Having recently released their latest single, Future Angel, Robin And The Goblins creative force Robin Romo is now looking forward to playing their "Victorian Synth-Pop" to a live audience. Robin Romo, a name adopted "after they started to identify as non-binary", likes to sit down, "dislikes speed", excessive contact with people, and finds "shareable content creation" tiresome. However Romo is certain of one thing, they are an artist, and an artist who finds compromise over creativity "a life or death affair". Ahead of upcoming dates in Berlin, at Madame Claude and Loophole on the 19th and 24th of November respectively, we caught up with the Spanish artist who describes themselves as a "sensitive little orchid".  


For those who may be new to your music, how best would you describe your sound?

Baroque Pop, or songs of triumphant melancholy for feral faeries.

What challenges have you faced in the music industry so far?

Something I did not see coming when I moved to Berlin to make music was the impending tyranny of content creation. It is expected of artists to constantly create short, "shareable" content, and if you don't then you're unambitious or lazy. It's important to remember that this system benefits people with certain qualities, and harms others. I'm not the first artist in history who dislikes speed, dystopian technology or excessive contact with people. 

Another obstacle has been the amount of straight men in music, everywhere. For some time I went to gigs alone several nights a week to meet musicians and "industry people". I could not see how the fact that there were so few women and queer people in the live music scene was alienating, so I blamed myself for being "bad at networking". I didn't want to see gender and as soon as I started seeing it I got simultaneously angrier and happier.

How difficult would you say this career path is in terms of making a name for yourself?

Difficult, as I'm not the go-getter type and I'm a sensitive little orchid. The thing is, if you're an artist you just are. That doesn't mean you're a good artist, it just means you're useless at everything else! So in order not to be miserable, you have to find a way to make your art that works for yourself, and I'm still figuring that out.

How important is it for you to have creative control over the work you produce?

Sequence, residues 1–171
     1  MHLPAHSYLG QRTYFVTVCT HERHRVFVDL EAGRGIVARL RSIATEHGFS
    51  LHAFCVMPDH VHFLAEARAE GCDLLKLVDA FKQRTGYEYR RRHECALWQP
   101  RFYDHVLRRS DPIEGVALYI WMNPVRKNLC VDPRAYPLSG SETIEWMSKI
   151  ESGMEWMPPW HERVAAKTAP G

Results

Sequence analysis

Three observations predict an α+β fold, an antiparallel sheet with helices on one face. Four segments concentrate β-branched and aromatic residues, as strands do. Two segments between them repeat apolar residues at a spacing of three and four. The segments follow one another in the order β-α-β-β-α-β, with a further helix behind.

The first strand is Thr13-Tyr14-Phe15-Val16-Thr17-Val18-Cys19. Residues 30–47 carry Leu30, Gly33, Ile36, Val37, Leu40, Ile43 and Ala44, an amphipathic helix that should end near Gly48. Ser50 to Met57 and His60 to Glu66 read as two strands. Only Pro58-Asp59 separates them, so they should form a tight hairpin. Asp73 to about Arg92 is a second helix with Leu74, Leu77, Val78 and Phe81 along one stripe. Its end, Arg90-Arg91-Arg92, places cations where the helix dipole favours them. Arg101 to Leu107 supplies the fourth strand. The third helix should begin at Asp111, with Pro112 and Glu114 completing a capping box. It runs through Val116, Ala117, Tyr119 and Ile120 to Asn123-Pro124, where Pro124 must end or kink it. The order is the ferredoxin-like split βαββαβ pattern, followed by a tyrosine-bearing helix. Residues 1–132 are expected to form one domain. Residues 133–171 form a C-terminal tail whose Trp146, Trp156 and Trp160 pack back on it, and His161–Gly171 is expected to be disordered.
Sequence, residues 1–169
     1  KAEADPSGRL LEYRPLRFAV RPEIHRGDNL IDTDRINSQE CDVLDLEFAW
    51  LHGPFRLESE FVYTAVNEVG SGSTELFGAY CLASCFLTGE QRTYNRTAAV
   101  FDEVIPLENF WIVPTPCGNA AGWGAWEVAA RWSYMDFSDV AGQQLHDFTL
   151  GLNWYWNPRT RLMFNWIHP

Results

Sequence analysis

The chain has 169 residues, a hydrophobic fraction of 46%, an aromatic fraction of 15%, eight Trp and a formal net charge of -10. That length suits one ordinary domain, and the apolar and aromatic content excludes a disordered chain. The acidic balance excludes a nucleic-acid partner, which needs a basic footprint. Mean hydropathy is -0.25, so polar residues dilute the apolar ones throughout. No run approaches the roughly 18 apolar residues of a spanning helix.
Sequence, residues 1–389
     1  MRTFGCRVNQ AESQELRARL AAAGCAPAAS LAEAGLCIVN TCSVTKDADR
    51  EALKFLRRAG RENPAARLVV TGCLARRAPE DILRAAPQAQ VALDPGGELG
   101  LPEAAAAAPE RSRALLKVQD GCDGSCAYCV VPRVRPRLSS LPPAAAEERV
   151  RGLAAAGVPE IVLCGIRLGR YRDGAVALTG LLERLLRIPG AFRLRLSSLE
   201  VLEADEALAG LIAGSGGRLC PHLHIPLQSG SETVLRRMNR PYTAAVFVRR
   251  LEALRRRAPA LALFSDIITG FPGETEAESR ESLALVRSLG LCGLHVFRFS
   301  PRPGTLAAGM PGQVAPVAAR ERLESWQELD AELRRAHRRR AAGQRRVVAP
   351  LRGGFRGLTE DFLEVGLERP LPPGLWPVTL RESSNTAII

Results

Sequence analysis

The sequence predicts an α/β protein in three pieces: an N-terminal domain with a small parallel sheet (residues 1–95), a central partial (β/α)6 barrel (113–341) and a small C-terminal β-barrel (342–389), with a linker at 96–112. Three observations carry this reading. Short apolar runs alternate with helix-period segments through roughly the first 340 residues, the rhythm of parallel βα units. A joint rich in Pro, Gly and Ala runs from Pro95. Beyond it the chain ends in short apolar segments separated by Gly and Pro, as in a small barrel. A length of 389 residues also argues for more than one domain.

My music is all about peeling the layers of social conditioning and allowing yourself to feel as intensely as you need to, becoming more oneself in the process...I didn't really get to do it as a young queer weirdo. That's why compromising when it comes to creativity feels like a life or death affair, as it opens ancient wounds. You can see how letting someone else make artistic choices would defeat the whole purpose...

The funny thing is, as strongly as I feel about this, I still have trouble telling others what I want. By "funny" I mean "frustrating", or "a natural consequence of LGBTQI+ people and women being brought up to deny their own instincts".

Where do you draw influence and inspiration from for your work?

As a kid, I was a sensitive fairy with an overactive imagination, so when things started getting darker I created alternate worlds to process pain. I'm still doing the same thing with my own music, only now it costs more money. But when I feel sucked dry by modern life, I turn to  nonsense writers (Edward Lear, Edward Gorey, Lewis Carroll) or 80s fantasy movies like the Neverending Story or Legend. Anything that makes me feel that mixture of wonder and terror I love.

If you could collaborate with anybody going forward, who would you choose and why?

I would love to collaborate with artists like Arthuros or Castle Zagyx or Quest Master - people doing a genre called Dungeon Synth, which is reminiscent of fantasy movie and video game soundtracks. 

Tell us a random, funny fact about you that not many people know.

My nipples get really hard when I eat spicy food. It's my body's way of telling me when something's spicy. Besides, you know, my taste buds.

Do you have definitive aims or goals for your career?

My goals are creative rather than achievement-oriented. So I lie to myself and give myself some definitive aims just to put some fire under my ass and make sure I finish songs. Sometimes I feel extremely ambitious, sometimes I'd be happy living a country life, making jam and singing songs to my swans.  

Around industry people, I feel this pressure...like people expect you to know your goals exactly or you're not worthy of their attention as a human being. They want to jump on a speeding train and see what's in it for them....but for me that's counter productive. We're so brainwashed to want certain types of success that it's natural to need time to figure that out for yourself. I still dream of singing on David Letterman and sitting on his lap though.

Where do you hope to be this time next year?

I hope to be sitting down, as that is by far my favourite position...but hopefully covered in bruises & tears after a full band gig - when performing live I am joined by the wonderful musicians Lidia Luciano (keys), Eszter Kádár (drums) and Sorcha Thompson (violin). By that time I'll have added some new songs to the setlist that I'm dying to perform live.

What should we expect from you in the coming weeks and months?

I'm releasing the lyric video for my latest single Future Angel, which I like to call Victorian synthpop. There's a haunting music video coming around Halloween, and in November I'll be playing in Berlin at Madame Claude (19th) and Loophole (24th). Come by if you're in town.